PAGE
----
What to Consider First when Organising an Event
Before staging an event idea it is vital to first assess whether it is not just an exciting idea, but a realistic and realisable one.
Five Questions about your Event IdeaOnce the inspiration bulb has flashed, it is imperative that you first ask yourself several basic questions about your idea before jumping headfirst into the planning stage, otherwise your plan will be in danger of coming off the rails midway.
What is the Purpose of the Event?The question of why the event is being held, may seem obvious and not worth a second thought, but it is surprising how many event plans fail because their purpose is too vague, confused or, even, pointless.
If you don’t have a firm idea of what your event is about, what it’s promoting or celebrating, what it hopes to achieve, then you’re prospective attendees will have even less of a clue. And ultimately, if they don’t know what it’s for then what’s going to grab their attention and make them want to go?
Don’t choose an event because of a fad or because that’s what everybody else is doing, choose something that you are knowledgeable and passionate about, and that you yourself would attend.
Who is it Aimed At?Once you’d decided its purpose then you must decide whether enough people would be interested in it apart from you. It may seem like a great idea but does it have an audience?
It is best to avoid the two extremes of firstly, being so niche and specialised that only a handful of people will understand it and want to go along, or secondly, being so eager to please everybody that it ends up being too compromised, and pleasing very few.
Once you’ve decided who the event is aimed at - whether it’s kids, 60s music fans or arts and craft lovers – then the plan should focus on keeping that audience excited and entertained. If it attempts to draw in as many outside parties with additional features then it will dilute the power of the main event.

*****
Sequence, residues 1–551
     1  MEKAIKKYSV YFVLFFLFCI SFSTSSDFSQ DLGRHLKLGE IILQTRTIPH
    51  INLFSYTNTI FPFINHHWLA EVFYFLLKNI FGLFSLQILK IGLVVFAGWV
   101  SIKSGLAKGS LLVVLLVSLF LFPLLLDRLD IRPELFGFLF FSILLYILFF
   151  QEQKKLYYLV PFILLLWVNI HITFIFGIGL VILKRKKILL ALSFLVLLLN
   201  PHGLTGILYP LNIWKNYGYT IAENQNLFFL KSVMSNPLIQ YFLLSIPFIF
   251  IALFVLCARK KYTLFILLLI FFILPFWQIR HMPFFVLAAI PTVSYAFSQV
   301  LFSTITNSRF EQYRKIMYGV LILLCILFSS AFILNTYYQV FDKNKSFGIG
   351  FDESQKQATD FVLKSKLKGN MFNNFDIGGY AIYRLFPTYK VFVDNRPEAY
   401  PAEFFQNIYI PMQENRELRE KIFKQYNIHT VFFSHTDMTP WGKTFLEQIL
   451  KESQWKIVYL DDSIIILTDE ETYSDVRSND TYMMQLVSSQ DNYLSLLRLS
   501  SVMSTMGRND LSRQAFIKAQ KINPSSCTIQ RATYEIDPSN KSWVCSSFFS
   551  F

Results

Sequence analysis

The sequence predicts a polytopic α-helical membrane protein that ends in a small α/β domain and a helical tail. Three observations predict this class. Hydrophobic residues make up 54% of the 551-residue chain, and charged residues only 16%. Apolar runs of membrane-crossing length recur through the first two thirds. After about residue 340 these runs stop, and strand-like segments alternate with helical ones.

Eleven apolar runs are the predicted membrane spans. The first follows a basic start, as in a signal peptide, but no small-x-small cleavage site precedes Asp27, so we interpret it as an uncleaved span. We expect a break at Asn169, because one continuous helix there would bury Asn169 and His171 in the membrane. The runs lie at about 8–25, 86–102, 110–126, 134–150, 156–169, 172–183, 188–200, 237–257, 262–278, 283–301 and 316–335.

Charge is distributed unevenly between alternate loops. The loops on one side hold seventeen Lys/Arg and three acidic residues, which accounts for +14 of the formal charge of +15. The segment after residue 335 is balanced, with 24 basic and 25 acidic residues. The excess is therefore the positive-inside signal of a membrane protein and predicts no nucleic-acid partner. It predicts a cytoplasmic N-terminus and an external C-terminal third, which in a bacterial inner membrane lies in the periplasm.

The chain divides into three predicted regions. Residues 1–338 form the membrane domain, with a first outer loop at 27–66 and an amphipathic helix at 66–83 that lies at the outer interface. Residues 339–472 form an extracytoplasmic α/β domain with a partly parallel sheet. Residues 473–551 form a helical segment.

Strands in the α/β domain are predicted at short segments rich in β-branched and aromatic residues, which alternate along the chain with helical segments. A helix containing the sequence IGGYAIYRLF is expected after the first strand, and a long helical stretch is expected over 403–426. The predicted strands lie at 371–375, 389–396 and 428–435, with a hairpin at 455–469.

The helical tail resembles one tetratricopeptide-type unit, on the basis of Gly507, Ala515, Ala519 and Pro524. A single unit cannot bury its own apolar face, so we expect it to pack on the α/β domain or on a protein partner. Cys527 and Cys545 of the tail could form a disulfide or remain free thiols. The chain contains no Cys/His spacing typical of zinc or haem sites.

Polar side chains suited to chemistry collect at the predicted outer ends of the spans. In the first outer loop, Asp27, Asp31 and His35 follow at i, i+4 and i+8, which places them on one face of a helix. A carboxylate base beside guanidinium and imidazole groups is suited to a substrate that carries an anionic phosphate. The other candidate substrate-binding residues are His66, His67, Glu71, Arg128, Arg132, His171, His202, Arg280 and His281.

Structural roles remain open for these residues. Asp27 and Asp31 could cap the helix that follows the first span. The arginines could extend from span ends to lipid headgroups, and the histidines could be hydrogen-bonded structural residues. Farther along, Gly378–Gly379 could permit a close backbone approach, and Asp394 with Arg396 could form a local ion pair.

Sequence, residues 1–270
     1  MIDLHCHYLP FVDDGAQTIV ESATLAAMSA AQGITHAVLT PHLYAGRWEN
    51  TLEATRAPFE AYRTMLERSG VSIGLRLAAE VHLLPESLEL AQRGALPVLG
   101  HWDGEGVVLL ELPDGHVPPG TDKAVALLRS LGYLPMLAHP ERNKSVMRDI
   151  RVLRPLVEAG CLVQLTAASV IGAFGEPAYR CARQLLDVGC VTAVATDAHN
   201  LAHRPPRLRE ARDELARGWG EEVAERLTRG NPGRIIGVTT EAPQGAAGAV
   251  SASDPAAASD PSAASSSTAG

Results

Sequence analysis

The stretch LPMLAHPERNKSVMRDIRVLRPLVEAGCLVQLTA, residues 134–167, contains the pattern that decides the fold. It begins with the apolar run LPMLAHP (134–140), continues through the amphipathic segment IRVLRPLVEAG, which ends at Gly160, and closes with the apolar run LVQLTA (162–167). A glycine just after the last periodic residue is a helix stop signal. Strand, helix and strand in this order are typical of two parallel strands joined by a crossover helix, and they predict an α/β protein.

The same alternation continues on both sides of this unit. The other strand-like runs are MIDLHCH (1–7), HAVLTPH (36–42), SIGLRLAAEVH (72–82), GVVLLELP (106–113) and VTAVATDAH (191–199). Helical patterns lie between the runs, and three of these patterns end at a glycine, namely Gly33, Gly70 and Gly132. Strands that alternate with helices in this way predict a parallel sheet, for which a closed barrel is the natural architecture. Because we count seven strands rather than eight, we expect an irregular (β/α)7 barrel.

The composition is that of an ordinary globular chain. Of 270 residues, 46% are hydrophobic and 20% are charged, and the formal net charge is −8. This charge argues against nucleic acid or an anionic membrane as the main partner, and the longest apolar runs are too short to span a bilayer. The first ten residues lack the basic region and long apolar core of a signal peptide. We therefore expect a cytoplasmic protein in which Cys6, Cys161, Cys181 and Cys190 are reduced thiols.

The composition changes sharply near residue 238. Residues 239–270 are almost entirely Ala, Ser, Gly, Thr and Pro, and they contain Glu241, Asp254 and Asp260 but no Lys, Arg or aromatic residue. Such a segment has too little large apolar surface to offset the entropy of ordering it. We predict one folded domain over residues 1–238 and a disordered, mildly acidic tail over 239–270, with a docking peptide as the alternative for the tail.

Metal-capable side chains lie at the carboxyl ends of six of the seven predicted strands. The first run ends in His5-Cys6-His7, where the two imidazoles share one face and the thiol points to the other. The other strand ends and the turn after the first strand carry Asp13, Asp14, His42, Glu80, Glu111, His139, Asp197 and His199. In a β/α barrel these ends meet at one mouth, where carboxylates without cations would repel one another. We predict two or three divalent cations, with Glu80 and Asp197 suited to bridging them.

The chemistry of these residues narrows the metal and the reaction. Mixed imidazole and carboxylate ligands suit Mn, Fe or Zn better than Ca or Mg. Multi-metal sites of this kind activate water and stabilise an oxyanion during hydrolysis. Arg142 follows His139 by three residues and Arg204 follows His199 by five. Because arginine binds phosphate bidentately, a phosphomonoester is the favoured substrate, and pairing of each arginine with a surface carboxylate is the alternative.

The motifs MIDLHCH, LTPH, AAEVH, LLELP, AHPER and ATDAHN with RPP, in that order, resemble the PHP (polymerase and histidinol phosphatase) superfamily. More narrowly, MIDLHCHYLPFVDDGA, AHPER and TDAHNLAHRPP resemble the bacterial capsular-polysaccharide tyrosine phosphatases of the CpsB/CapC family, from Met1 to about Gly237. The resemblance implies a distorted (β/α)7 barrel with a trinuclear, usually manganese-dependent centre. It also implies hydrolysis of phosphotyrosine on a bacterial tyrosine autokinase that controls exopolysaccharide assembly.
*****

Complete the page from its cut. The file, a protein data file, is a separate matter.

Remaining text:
When and Where Will it be Held?You also need to think about your audience when choosing when and where the event is to be held.
The date and time should reflect the target audience. For instance an event for young children would be much more suited to a weekend afternoon than a weekday evening. It should also not clash with any other big local events that have a similar audience catchment.
The venue should also be chosen very carefully. If it is inappropriate then it will spoil the mood of the occasion. The capacity needs to match your target audience numbers; if it is too big it will feel empty and lifeless, too small and willing guests will not be able to get in.
It should also complement the attractions of the event. For instance, if music or theatre is being staged then the venue should have adequate acoustics, seating and visibility.
What are the Event Attractions?What is it that will draw the public in to your event? Every event needs its entertainment, otherwise it is not an event but a social gathering. The attractions need to convince someone that they want to go to your event over anybody else’s.
There should be at least one, a ‘headliner’, which catches the public’s eye, and fires the interest. For instance, a summer music festival will have a great many acts on offer but it draws in the punters by boldly advertising the most popular. Or a charity event might feature an outrageous stunt to try to get as many people interested and involved as possible.